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insights into this week's parsha




Giving Hearts and Willing Spirits

Arielle Krule

Class of 2025

The lunar-solar calendar cycle we live by gifts us weeks in which we get to explore a double Torah portion–when two interconnected parshiot are combined into one Torah reading. Vayakhel-Pekudei stands out in its combination in the way that it highlights the tension we face in our everyday lives.Vayakhel translates as "and they will assemble” or “they will gather,” while the word Pekudei connotes itemization and individuality. Placed one after the other, these two parshiot express the conflict of these two aspects of human nature: our innate need to connect with others and form a communal bond, and our need to express an individual identity. 


Moses assembles the people of Israel and reiterates the opportunities of Shabbat. In his instructions to bnei yisrael for the construction of the Mishkan, Moshe uplifts both the individual and communal contributions as they exist in conflict and symbiosis. In Exodus 35:21-22, we read:

And everyone who excelled in ability and everyone whose spirit was moved came, bringing to יהוה an offering for the work of the Tent of Meeting and for all its service and for the sacral vestments.

Men and women, all whose hearts moved them, all who would make an elevation offering of gold to יהוה, came bringing brooches, earrings, rings, and pendants —gold objects of all kinds.

וַיָּבֹ֕אוּ כׇּל־אִ֖ישׁ אֲשֶׁר־נְשָׂא֣וֹ לִבּ֑וֹ וְכֹ֡ל אֲשֶׁר֩ נָדְבָ֨ה רוּח֜וֹ אֹת֗וֹ הֵ֠בִ֠יאוּ אֶת־תְּרוּמַ֨ת יְהֹוָ֜ה לִמְלֶ֨אכֶת אֹ֤הֶל מוֹעֵד֙ וּלְכׇל־עֲבֹ֣דָת֔וֹ וּלְבִגְדֵ֖י הַקֹּֽדֶשׁ׃ 

וַיָּבֹ֥אוּ הָאֲנָשִׁ֖ים עַל־הַנָּשִׁ֑ים כֹּ֣ל ׀ נְדִ֣יב לֵ֗ב הֵ֠בִ֠יאוּ חָ֣ח וָנֶ֜זֶם וְטַבַּ֤עַת וְכוּמָז֙ כׇּל־כְּלִ֣י זָהָ֔ב וְכׇל־אִ֕ישׁ אֲשֶׁ֥ר הֵנִ֛יף תְּנוּפַ֥ת זָהָ֖ב לַיהֹוָֽה׃

Both spirits and hearts moved. Each person brings their own unique gifts and talents to the project, and according to their own will. In the lines that ensue, we read beautiful imagery of women’s skilled hands spinning artistry with hues of blue, purple, and crimson on the finest of linen. And, this is all done as a “freewill offering” - נְדָבָ֖ה for Hashem.


This manifestation of the Divine only emerges as a result of people being able to bring their own unique gifts to the collective in the times and places that they are able to give from generously and joyfully. In doing so, they are able to see each other’s offerings and truly collaborate with enthusiasm. For the Mishkan to be built, the artisans actually needed these gifts.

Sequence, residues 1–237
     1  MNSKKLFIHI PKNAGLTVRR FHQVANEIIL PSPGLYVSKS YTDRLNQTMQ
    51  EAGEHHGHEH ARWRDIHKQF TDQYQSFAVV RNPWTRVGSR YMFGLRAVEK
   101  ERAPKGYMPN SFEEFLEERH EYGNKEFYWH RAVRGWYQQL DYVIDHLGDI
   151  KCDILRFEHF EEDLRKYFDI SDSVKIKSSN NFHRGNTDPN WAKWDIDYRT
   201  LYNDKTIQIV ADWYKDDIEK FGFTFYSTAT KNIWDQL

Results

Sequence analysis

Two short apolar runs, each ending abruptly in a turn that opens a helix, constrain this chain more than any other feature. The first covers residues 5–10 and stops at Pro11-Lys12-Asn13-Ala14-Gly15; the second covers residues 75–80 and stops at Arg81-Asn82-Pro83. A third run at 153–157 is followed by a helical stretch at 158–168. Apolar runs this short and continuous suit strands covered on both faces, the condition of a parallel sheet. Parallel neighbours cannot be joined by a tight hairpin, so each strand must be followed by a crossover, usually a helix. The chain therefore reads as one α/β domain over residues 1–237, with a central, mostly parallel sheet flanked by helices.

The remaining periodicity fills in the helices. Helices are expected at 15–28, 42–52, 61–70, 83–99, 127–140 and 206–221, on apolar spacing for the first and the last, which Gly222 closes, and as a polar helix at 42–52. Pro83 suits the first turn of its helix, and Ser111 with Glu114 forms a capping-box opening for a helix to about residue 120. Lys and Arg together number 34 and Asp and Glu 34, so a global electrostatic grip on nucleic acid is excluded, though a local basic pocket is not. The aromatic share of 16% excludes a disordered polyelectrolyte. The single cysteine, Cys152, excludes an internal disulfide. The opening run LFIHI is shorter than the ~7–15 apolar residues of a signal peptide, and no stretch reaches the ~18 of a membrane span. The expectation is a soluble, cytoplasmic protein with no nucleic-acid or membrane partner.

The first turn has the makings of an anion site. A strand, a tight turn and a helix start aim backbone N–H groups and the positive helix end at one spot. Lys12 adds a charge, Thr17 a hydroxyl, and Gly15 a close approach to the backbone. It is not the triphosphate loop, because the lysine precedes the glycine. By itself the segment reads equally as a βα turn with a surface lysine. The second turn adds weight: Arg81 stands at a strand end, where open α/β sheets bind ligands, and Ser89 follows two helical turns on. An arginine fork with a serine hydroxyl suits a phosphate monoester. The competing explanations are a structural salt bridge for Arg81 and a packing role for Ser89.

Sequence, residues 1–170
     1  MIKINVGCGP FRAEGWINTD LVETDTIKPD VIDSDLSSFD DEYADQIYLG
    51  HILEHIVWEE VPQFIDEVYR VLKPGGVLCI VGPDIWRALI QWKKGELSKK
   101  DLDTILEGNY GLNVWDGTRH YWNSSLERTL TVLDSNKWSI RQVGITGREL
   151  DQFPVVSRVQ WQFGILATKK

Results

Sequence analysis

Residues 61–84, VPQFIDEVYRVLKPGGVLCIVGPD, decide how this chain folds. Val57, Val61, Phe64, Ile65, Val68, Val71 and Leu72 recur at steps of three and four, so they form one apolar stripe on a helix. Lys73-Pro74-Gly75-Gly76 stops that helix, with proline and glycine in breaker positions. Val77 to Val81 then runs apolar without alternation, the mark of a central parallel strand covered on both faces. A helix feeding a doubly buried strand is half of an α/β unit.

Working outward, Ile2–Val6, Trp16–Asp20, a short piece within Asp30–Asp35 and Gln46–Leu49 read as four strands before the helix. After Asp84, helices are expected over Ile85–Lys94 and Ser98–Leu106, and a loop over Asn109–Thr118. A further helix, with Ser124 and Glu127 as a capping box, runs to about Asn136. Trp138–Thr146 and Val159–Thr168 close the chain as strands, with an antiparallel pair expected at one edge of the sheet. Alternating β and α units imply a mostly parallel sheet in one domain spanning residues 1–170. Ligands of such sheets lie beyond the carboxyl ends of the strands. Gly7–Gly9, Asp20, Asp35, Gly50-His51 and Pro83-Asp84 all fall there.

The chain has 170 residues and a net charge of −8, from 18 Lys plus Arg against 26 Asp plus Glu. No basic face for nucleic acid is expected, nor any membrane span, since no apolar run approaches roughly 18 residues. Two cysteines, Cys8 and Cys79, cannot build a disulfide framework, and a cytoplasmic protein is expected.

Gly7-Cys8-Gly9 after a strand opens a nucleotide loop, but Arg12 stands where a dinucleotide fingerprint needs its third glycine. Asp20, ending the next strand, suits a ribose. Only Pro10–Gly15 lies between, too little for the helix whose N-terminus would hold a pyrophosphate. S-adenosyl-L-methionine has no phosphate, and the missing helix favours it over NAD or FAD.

I dream of living in a society like this. And while we may find pockets of this vibrant community in our own locales and neighborhoods, more generally, our society struggles with the pains of isolation.Living in a world of increased social distance and distraction that rarely allows for this type of collaboration, let alone co-existence, prevents us from living into the vision set forth by the story in our parshiot. We are distanced from our true essence. 

Though we live in a particular moment in time, our Rabbis were not immune to this very human experience of being distanced from our inherent need to connect and contribute. In a discussion about experiences of holy days in Tractate Moed Katan 6b, they zoom into a particular experience of intervening in community. 


They ask: 

How does one destroy ant holes? Rabban Shimon ben Gamliel says: One brings soil from this ant hole and places it in that ant hole, and since the ants from the two nests are not familiar with each other, they strangle each other.

Rav Yeimar bar Shelamya said in the name of Abaye: And this advice works only in certain circumstances: When the ant holes are located on two opposite sides of a river, when there is no bridge connecting the two sides, when there is not even a plank bridge over the water, and when there is not even a rope stretched taut across the river. If there is any connection whatsoever between the two sides of the river, the ants from the two nests are likely to recognize each other and not fight. 

כֵּיצַד מַחְרִיבִין? רַבָּן שִׁמְעוֹן בֶּן גַּמְלִיאֵל אוֹמֵר: מֵבִיא עָפָר מֵחוֹר זֶה וְנוֹתֵן לְתוֹךְ חוֹר זֶה, וְהֵן חוֹנְקִין זֶה אֶת זֶה.